How to Check Which Version of PHP You’re Using

Why being on the latest version of PHP matters and how to check what version you’re on

Every website has at least one thing in common—it runs on code. 

If your website is built with WordPress, that code might include a mix of HTML, CSS, and JavaScript (among other coding languages), but it almost certainly includes PHP

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PHP, which is short for Hypertext Preprocessor, is an open source scripting language that’s been a steady fixture on the server-side of WordPress development since WordPress was launched in 2003.

Most of the things you see on both the front and back-end of your WordPress site exist thanks to PHP. Not only is it found across your post and page templates, but PHP also makes up the files that build the WordPress dashboard.

As newer versions of PHP have been released, it’s arguably become more important as a powerful framework for building sites and improving performance, but running an up-to-date version of PHP is key to realizing those results. 

50% of WordPress sites run a PHP version that is already end of life, meaning it’s no longer supported or patched for security vulnerabilities.

In this post, you’ll learn more about PHP and why it’s important to run the latest version, how to check which version of PHP your site is running, and how to upgrade it safely. Ready to get started? Let’s dive in! 


Server-Side Code 101: What is PHP? 

PHP is an open source programming language that plays a central role in the traditional open source LAMP Stack. As such, it’s a foundational element found behind the scenes on many WordPress sites. 

Unlike JavaScript, where code is rendered in a user’s browser, PHP is a server-side programming language, which means it’s processed on the physical server where it lives. It also means that any problems with site performance that stem from PHP could end up being yours to fix. 

Depending on your hosting provider and the server resources you have provisioned, problems with PHP (like not running an up-to-date version of the code) could be slowing you down, no matter how much you’ve tried to optimize your site. 

While PHP is widely used as a central component of WordPress, it also needs to be updated to ensure it’s powering your site, not slowing it down.


The Benefits of Updating PHP 

Given the importance of PHP to WordPress, running an up-to-date version of PHP can have a major impact on the overall performance of individual WordPress sites.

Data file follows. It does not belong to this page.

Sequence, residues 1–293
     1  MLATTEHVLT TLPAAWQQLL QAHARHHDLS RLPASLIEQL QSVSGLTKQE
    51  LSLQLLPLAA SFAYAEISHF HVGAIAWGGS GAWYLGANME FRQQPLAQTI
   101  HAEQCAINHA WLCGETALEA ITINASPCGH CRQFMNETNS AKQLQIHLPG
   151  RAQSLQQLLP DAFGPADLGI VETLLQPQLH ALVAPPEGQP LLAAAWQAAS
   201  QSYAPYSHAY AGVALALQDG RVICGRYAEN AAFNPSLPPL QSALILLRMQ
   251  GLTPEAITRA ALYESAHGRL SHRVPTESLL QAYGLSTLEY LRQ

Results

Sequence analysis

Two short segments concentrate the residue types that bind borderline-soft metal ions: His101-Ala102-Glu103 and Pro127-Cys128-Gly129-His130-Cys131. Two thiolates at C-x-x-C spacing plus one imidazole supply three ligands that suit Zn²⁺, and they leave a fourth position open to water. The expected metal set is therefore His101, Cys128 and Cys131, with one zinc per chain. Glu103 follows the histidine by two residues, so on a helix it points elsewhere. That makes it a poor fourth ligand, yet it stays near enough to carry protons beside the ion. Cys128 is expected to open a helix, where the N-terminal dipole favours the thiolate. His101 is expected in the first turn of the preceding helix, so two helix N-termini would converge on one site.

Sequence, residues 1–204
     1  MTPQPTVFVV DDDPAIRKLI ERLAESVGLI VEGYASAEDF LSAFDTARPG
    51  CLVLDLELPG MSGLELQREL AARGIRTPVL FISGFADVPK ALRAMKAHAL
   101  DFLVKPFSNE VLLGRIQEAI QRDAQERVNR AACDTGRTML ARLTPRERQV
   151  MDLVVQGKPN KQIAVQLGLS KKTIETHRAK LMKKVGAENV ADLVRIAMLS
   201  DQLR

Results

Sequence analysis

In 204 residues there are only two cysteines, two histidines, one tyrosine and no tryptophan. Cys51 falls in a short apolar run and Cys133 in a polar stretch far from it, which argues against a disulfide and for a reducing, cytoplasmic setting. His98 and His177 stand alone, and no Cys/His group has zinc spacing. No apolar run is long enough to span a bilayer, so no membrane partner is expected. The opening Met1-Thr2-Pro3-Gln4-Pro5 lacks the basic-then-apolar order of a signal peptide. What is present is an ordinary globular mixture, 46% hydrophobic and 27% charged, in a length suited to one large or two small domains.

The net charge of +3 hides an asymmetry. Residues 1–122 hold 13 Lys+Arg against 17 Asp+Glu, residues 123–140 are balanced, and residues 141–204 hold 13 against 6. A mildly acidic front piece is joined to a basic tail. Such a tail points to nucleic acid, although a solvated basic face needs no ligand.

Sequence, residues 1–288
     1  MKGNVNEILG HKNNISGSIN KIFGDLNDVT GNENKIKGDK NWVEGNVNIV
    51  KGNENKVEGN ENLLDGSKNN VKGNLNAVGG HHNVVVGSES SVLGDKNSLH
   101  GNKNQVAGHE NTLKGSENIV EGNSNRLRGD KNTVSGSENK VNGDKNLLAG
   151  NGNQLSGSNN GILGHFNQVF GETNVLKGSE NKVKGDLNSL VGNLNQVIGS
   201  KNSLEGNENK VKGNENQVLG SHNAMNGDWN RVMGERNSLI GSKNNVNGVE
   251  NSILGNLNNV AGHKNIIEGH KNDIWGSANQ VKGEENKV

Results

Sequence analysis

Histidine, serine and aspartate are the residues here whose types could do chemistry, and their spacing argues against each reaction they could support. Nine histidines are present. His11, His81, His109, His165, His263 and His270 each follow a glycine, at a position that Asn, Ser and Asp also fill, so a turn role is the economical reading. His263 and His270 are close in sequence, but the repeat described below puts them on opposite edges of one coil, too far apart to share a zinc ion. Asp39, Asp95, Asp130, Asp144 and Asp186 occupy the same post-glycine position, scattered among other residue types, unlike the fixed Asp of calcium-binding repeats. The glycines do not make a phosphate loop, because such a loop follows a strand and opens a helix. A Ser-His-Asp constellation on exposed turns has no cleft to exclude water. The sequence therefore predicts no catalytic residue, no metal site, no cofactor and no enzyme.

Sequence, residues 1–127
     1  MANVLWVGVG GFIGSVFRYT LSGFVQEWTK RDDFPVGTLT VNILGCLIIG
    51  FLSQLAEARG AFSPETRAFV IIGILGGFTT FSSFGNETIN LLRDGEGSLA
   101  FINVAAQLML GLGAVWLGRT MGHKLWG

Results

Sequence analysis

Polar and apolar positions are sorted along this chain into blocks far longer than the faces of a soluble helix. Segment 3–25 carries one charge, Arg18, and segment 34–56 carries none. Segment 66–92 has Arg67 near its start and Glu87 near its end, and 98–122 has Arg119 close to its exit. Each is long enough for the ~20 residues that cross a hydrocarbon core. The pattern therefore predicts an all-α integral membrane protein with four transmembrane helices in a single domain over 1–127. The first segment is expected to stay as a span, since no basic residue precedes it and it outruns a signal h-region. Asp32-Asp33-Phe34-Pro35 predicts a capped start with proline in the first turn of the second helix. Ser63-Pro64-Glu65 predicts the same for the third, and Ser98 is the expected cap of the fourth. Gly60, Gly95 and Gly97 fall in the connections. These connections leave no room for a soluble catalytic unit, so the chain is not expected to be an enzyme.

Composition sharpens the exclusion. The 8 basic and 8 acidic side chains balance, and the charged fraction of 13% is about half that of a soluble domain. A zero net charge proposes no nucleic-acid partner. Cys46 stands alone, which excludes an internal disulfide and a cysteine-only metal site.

In a nutshell, PHP pulls the correct data from your database, wraps it in HTML and CSS, and then delivers it to your visitor’s browser. If any part of this process is slow, so too is everything else, and your users will be the first to notice. 

While updating your PHP will help ensure it’s running smoothly, new versions are also supported by a team of PHP developers from around the world who maintain, update, and make fixes to the language in stable version releases.

Currently, each PHP version is supported for two years after its initial release, meaning improvements, bug fixes, and security patches are all routinely addressed. After the first two years, PHP versions only receive critical security updates, and after three years, PHP versions are deprecated and no longer receive updates at all. 

As noted above, half of all WordPress sites are running a version of PHP that has already been deprecated, meaning it’s no longer supported or patched for security vulnerabilities. 

Optimizing your site for performance AND security is where updating PHP comes into clear focus. Like WordPress, PHP has become more advanced through many years of website development and real-world use cases. New versions continue to evolve, and there have been numerous updates as well as full releases since the 1.0 launch (in 1995!). 

To run WordPress, your server needs to use at least PHP version 5.2.4, however, PHP 7.4 or higher is the standard recommendation.

That’s because, like WordPress, new versions of PHP offer improvements for site speed, security, and overall efficiency. As it’s progressed, PHP has only become faster, more secure, and less resource-hungry than its previous iterations.

We’ve seen this first hand at WP Engine, where customer upgrades to new versions of PHP often result in a decrease in server request processing times and faster site speeds.

We work hard to ensure our customers have access to the latest versions of PHP, and we typically make those versions available after we’ve completed necessary testing at scale for all of our customers’ sites.